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Tag Archives: Viktor & Rolf

Is the NGV a high end Department Store?

Have the couturier fashion hijacked fashion as art? When the NGV or even the Metropolitan museum in NYC have a major fashion exhibition it is from a couturier fashion label. Fashion is like the art world in the nineteenth century, pre-Salon d’Refuse or the Vienna Session. The guild masters are still in charge and there are no independents or primitives or popular commercial lines.

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Viktor&Rolf, Wearable Art, 2015-6 (photo by Team Peter Stigter)

I started to consider this when comparing the Metropolitan’s Modern American art collection their fashion exhibition, Manus x Machina, Fashion in the Age of Technology. In the Met’s art collection there are outsider artists, primitives and even a Norman Rockwell. However at the fashion exhibition there was only work from couturier labels and no outsider, primitives or mainstream fashion.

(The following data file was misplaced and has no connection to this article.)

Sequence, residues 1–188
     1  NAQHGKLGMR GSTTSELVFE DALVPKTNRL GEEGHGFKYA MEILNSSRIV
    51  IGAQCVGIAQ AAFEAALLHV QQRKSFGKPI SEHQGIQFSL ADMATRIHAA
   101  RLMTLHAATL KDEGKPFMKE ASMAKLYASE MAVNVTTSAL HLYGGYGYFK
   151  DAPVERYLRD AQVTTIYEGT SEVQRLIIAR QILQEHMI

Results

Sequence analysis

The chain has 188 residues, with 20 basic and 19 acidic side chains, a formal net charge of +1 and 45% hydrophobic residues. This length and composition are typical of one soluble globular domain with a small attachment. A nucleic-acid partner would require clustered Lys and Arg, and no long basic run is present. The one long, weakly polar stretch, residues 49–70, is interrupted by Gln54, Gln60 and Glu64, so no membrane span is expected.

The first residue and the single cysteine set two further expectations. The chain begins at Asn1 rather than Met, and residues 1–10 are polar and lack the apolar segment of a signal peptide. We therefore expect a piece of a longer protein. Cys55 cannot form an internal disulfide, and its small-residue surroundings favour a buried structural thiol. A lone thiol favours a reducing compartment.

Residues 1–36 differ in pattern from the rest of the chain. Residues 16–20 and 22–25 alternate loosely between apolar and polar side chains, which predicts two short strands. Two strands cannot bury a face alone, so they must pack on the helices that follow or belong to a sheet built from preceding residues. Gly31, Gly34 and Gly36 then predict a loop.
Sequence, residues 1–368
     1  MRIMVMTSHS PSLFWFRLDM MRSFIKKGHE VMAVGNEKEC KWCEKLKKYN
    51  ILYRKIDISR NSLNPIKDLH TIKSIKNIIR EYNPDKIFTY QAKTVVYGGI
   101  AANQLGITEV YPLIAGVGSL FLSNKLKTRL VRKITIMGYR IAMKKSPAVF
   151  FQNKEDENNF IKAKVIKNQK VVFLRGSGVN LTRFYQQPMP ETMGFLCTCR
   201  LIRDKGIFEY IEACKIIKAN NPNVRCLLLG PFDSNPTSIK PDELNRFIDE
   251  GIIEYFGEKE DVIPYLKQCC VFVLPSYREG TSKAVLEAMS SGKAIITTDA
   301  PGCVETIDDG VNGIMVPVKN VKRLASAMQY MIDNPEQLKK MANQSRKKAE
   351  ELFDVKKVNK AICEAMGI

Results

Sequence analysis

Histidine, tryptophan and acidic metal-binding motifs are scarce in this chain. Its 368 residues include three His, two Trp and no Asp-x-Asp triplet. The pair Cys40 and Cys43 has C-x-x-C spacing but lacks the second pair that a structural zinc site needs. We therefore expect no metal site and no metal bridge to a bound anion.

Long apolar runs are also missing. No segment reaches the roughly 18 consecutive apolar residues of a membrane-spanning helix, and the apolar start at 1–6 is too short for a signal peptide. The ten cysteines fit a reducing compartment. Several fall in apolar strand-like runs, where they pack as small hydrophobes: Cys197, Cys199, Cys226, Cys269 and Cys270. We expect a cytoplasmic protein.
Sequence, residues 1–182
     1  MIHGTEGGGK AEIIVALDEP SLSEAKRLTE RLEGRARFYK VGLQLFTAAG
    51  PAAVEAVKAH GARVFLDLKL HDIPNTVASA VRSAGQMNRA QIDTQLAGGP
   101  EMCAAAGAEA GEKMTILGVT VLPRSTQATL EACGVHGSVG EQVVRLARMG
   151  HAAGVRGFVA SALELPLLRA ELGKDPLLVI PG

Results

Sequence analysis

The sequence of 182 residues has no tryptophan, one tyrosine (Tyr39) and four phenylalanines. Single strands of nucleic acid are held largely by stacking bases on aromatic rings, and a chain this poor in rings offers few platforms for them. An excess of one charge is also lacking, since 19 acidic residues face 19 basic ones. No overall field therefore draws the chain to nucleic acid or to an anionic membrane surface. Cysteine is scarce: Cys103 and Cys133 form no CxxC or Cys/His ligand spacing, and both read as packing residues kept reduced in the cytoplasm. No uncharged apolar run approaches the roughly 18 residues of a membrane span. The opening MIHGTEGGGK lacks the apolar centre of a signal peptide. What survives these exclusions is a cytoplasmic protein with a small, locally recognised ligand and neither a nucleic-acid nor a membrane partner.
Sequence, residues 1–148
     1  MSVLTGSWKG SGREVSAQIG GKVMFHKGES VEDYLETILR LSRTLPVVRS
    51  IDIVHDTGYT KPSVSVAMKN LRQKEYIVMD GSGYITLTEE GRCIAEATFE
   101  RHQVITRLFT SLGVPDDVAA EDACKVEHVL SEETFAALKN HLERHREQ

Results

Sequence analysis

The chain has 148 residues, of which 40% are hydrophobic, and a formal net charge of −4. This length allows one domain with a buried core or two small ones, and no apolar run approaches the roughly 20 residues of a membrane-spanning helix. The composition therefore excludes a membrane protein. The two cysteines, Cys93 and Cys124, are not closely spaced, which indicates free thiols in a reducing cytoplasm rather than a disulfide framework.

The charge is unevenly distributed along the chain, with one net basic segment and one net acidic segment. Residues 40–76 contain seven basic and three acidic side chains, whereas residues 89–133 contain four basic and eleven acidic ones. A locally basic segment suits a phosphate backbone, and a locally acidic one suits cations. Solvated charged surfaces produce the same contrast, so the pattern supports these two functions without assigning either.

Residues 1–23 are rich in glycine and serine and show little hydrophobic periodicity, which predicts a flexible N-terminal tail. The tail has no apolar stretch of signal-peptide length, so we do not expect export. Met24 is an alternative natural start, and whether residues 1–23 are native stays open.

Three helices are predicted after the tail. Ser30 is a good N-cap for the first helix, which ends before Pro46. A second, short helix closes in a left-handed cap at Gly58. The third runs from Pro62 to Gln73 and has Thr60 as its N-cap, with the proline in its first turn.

I considered this again when I read Natty Solo’s brilliant critique of Viktor & Rolf exhibition. Natty Solo is focused on sexism in the NGV’s choice of major exhibitions but still raises the question: “Have we sold out art by turning this museum into a high end Department Store?” This is another aspect of that conservatism that favours male artists for NGV exhibitions. This is about not thinking and making easy choices for sponsorship.

Admittedly the NGV has had an exhibition of t-shirts and the popular streetwear label Mambo but both were in the NGV Studio and not major exhibitions. In some ways Bendigo Art Gallery has done better in its choice of touring fashion exhibitions. By looking at fashion through Hollywood stars, Marilyn or Grace Kelly provide the focus for the exhibition rather than a couturier label. The exhibition is not a promotional vehicle for a label but an examination of fashion history.

The domination of couturier fashion in art gallery exhibitions raises the questions about independence of the gallery and its curators in their choice to promote certain labels or designers. The gallery is acting as a promotion vehicle for their product, some of which is sold at the gift shop at the end of the exhibition. It questions the reason for NGV or the Metropolitan’s existence, because promotion is neither an educational nor an aesthetic reason for an exhibition.

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